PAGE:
• Main and counter closing edge at the entrance and exit of the revolving door, so that no one can be trapped when entering or exiting the revolving door;
  • the inner surfaces of the door leaves so that slow people cannot be brought down by a revolving door that turns too quickly.

In addition, sensors are used in modern revolving doors to monitor the entry area and the space between the door leaves in order to determine whether a person wants to use the revolving door or is currently using it. This saves energy for the drive, since the revolving door is only in operation as required (note the left revolving door at the end of the video in the picture gallery).

Emergency openings

The door leaves of modern revolving doors can be opened in an emergency such as B. fold to the side of a fire and thus open up the entire width of the passage. This function is also used to free people who are trapped in a revolving door in the event of a power failure.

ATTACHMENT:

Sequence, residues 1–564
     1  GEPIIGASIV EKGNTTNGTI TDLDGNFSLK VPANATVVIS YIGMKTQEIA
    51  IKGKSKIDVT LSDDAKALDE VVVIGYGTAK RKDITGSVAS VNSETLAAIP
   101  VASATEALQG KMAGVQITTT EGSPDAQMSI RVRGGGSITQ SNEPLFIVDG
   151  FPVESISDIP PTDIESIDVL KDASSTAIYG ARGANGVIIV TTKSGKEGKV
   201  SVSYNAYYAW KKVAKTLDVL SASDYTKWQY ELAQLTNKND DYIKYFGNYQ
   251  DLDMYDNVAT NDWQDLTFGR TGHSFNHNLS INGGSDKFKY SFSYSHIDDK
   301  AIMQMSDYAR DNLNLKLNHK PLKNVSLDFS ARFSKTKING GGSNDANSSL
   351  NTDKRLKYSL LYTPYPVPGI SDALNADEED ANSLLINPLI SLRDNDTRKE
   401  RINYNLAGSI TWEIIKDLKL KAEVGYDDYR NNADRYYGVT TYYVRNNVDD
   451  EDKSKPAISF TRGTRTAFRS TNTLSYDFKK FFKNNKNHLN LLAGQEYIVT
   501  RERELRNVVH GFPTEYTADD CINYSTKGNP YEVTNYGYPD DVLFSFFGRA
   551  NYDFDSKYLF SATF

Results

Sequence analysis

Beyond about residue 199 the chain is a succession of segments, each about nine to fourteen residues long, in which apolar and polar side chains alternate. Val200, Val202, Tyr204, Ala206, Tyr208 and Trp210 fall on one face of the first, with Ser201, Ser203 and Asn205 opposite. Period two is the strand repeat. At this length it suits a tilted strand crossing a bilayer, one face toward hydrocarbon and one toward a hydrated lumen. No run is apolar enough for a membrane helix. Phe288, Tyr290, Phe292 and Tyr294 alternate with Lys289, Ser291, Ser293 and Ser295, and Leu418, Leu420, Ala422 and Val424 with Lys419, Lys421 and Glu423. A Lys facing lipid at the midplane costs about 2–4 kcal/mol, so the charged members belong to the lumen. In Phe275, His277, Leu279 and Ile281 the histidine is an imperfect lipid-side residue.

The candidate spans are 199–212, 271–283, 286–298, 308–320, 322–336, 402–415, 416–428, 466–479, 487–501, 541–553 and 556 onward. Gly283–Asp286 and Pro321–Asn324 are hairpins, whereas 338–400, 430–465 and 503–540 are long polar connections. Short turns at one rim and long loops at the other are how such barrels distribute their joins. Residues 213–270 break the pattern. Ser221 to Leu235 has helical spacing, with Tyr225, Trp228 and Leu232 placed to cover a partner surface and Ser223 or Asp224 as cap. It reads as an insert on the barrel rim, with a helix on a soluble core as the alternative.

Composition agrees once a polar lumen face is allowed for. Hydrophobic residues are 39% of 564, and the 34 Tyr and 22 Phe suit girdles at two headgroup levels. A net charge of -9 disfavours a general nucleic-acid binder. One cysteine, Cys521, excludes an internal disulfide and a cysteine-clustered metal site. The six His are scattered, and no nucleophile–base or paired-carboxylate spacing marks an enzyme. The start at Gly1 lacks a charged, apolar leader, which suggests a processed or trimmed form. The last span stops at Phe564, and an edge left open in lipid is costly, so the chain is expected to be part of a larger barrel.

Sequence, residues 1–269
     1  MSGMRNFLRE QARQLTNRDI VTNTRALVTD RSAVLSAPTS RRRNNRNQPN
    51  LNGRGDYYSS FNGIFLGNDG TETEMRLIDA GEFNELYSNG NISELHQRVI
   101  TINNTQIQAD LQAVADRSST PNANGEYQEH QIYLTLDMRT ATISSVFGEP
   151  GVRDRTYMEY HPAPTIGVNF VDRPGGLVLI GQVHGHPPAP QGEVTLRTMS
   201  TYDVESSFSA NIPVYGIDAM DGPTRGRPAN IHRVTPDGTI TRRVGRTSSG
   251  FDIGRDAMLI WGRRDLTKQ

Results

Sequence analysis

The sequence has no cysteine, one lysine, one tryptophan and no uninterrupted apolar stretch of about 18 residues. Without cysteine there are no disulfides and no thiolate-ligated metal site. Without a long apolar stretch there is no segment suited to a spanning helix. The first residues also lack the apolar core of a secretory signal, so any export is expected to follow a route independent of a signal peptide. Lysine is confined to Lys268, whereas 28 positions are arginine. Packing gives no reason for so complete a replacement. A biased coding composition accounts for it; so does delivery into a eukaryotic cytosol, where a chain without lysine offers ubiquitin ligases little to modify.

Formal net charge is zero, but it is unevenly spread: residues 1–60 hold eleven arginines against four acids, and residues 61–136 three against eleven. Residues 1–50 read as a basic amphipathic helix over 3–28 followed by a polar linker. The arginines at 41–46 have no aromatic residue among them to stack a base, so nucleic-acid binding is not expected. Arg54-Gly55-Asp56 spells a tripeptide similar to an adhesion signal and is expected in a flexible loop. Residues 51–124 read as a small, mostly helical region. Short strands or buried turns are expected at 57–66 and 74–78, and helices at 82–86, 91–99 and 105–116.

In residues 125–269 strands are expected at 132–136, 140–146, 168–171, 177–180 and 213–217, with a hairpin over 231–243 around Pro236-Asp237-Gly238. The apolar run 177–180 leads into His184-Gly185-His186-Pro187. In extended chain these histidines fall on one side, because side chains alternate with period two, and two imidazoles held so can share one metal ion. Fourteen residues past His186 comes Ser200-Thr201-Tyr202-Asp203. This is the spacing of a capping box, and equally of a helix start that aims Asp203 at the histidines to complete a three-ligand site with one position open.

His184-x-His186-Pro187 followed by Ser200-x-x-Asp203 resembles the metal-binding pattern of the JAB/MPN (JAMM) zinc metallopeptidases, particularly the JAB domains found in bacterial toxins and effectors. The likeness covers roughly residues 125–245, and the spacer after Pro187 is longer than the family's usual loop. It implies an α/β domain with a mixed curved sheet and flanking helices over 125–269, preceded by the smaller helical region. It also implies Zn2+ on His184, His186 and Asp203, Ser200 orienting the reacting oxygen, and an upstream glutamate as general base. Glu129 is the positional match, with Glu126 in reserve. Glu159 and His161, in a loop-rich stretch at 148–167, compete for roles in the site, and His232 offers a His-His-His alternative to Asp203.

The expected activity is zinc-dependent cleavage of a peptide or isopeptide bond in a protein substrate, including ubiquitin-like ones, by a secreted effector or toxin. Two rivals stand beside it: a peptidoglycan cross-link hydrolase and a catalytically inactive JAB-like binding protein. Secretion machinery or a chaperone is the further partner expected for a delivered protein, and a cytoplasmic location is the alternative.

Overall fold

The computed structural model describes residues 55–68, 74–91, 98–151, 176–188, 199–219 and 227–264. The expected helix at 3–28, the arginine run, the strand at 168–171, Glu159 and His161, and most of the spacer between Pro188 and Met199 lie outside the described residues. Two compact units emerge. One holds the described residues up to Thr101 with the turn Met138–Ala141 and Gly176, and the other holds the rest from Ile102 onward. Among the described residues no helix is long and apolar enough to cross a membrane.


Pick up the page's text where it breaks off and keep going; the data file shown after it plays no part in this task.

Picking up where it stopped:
See also


  • James Buzard: revolving door. Permanent upheaval. In: Arch +. Vol. 41, No. 191/192, 2009, ISSN  0587-3452 , pp. 39-44 .

Web links

Commons : Revolving Doors  - Collection of pictures, videos and audio files
Wiktionary: revolving door  - explanations of meanings, word origins, synonyms, translations

Individual evidence

  1. ^ Patent STORM-DOOR STRUCTURE 387,571 at Google Patents ; Retrieved August 15, 2013.
  2. ^ Prize winners database of the Franklin Institute - data set Van Kannel ; accessed on August 16, 2013.